Operators must develop and implement a COVID-19 contingency plan when store capacity is temporarily exceeded during an emergency, e.g. during a lightning storm or wildfire. When sudden inclement weather or an emergency situation affects the safety of patrons queued up outside the store, premises may allow patrons inside. The store should ensure that extra face masks and hand hygiene stations are available to address the temporary reduction in physical distancing during this period.


Workplaces must ensure all customers and workers maintain a safe physical distance and wear a mask when appropriate to do so. Physical distancing is established by providing a two metre distance between people or by providing a barrier that stops transmission of respiratory droplets from one person to another. Workplaces must be especially vigilant in shared settings like break rooms and kitchens. Active inspections will increase. Some businesses should support working from home, if possible.

Gyms and recreation facilities in Vancouver Coastal Health and Fraser Health must stop indoor group activities until new plans are in place and approved by a medical health officer. Party busses, limos and “perimeter seating” vehicles are also ordered to stop operations.

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Tips to reduce the spread of COVID-19 while traveling

  • Complete a COVID-19 symptom check before carpooling. Do not travel if you have:
    • COVID-19 symptoms
    • Travelled outside of Canada within the last 14 days
    • Been told to self-isolate by public health
  • Spread out as much as possible. If there are two people, the driver should be alone in the front.
  • Wear a mask over your nose and mouth.
  • Travel with the same people each time.
  • Keep your trips as short as possible
  • Open windows in the vehicle to allow air in
  • Set the vehicles ventilation to bring in fresh outside air. Do not recirculate the air.
  • Avoid eating or drinking in the car.
  • Clean high contact areas (such as seat belts and door handles) every time you leave the vehicle.
  • If vehicles are shared on the job, clean between each shift.
  • Clean your hands when you get in and when you leave.
At work: If you are carpooling with another employee at your worksite, tell your employer. Your employer may use this information when making their COVID-19 Safety Plan.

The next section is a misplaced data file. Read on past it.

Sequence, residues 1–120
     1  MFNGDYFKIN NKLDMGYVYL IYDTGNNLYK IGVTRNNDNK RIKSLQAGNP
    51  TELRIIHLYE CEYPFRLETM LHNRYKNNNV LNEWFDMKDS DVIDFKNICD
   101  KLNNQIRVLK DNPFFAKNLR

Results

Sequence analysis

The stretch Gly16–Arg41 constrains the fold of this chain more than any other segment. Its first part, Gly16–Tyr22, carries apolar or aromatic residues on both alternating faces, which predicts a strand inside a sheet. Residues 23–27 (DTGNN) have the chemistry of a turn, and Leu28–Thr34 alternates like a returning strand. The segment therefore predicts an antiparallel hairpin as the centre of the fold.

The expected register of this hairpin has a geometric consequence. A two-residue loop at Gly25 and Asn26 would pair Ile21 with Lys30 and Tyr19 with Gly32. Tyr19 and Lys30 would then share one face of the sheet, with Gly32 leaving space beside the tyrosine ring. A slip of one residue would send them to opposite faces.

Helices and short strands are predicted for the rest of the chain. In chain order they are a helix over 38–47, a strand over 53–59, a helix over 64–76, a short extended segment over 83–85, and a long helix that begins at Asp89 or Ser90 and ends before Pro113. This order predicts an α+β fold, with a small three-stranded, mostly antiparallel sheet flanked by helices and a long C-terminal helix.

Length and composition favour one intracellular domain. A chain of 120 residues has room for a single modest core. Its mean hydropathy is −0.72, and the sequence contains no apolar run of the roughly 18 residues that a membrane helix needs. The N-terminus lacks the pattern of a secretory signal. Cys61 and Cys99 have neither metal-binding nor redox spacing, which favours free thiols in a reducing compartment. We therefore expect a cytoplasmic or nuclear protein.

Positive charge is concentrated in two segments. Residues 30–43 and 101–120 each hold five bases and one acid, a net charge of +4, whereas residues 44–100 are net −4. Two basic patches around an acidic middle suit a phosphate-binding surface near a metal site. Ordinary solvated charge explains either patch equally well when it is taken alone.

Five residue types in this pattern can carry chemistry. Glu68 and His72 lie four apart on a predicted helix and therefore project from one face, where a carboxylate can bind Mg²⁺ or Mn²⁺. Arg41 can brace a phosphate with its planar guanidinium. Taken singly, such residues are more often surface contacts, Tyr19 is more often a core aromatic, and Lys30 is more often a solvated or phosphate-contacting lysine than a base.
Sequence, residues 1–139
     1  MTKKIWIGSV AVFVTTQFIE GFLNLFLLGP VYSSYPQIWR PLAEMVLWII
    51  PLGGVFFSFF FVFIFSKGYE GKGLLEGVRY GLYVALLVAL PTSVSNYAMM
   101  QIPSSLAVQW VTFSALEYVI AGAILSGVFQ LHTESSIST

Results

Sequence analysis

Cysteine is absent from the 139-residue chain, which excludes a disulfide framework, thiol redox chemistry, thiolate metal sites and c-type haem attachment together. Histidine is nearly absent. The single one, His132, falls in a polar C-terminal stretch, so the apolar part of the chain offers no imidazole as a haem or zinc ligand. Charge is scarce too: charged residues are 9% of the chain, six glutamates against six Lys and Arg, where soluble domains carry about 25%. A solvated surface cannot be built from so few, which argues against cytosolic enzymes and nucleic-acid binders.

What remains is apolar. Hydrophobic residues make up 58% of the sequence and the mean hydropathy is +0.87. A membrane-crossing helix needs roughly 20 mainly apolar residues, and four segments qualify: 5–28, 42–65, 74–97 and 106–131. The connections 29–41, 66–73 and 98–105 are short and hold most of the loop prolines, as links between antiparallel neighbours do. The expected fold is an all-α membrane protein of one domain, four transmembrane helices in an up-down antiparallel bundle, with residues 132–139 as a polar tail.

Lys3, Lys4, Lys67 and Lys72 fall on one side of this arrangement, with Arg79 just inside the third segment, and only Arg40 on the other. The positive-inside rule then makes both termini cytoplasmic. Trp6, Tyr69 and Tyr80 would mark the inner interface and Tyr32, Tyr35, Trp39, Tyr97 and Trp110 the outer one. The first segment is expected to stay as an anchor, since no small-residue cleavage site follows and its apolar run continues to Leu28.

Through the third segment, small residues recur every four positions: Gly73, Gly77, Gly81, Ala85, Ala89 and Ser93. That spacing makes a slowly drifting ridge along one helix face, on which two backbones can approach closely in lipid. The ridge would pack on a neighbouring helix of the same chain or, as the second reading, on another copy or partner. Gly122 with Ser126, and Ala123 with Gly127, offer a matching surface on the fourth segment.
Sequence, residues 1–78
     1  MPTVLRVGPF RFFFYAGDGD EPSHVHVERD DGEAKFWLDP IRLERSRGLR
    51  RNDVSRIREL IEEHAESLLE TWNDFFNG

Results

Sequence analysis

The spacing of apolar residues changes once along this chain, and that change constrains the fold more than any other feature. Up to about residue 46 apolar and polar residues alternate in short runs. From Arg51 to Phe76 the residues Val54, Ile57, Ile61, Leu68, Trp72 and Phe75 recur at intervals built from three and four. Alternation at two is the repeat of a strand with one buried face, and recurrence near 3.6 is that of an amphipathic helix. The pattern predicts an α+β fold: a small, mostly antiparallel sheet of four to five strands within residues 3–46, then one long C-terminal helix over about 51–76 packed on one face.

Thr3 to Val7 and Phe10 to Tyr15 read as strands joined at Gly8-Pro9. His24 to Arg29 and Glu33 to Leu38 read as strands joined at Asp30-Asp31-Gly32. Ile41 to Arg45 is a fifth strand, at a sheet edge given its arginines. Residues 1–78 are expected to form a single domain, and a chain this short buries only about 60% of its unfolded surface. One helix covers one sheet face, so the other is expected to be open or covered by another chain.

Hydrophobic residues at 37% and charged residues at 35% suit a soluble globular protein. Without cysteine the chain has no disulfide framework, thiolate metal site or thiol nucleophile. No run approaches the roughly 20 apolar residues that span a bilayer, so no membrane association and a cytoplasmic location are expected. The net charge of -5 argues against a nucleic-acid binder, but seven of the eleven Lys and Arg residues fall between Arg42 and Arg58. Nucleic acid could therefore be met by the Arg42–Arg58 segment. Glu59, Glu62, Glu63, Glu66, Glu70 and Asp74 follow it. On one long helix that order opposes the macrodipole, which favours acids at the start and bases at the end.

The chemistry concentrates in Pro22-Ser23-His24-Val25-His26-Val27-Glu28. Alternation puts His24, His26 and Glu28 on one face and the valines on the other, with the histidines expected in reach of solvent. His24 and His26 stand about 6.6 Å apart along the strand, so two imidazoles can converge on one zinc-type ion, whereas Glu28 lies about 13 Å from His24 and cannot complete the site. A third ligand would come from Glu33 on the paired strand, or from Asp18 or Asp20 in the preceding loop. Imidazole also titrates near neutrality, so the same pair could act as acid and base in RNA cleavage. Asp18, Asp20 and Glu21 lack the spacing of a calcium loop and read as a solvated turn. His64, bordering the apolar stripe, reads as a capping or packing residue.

What workers should know:

  • You are NOT expected to disclose the results of your COVID-19 test or any other medical test to your employer.
  • You must not go to work if you are ill.  If you feel ill:



  • When you are asked to self-isolate or quarantine by public health
    • You must stay home for the full period even if you have a negative COVID-19 test. This can be 14 days or longer if you are a close contact. Follow self-isolation guidance.
  • If you feel ill and then get a COVID-19 test and your test is
    • Negative: do not go back to work until you feel well. Continue self-isolation
    • Positive: do not go back to work for at least 10 days AND until you feel well and follow self-isolation  guidance.  

What employers should know:

  • Do not let employees come to work sick. Part of your COVID-19 Safety Plan is to implement a daily worker health check. This should be documented and available for inspectors' review.
  • You do not have the right to ask workers for a copy of their test result (e.g., text message result or other statement).
  • You should not ask workers for a doctor's note clearing them to work.

You will be contacted by public health if there is a reason to investigate a COVID-19 case or cluster in your premises. Your local public health department will identify anyone who may have been in contact with the person who tested positive for COVID-19. They may also visit your premise to offer specific advice. Public health may not contact you if the exposure is low risk for you, your visitors, or patrons. 

Tools and strategies for safer operations during the pandemic

This resource describes the key principles for reducing the risk of COVID-19 transmission, the role of public health authorities, and commonly available tools and strategies to support the public health response. It is intended to guide the development of plans for operating as safely and normally as possible during the pandemic.

Returning to safe operations

  • General and industry-specific guidance on protecting the health and safety of employees at work during COVID-19 and a safety plan template

Supports for businesses

Essential services

Industry-specific guidance and information

Posters and reference materials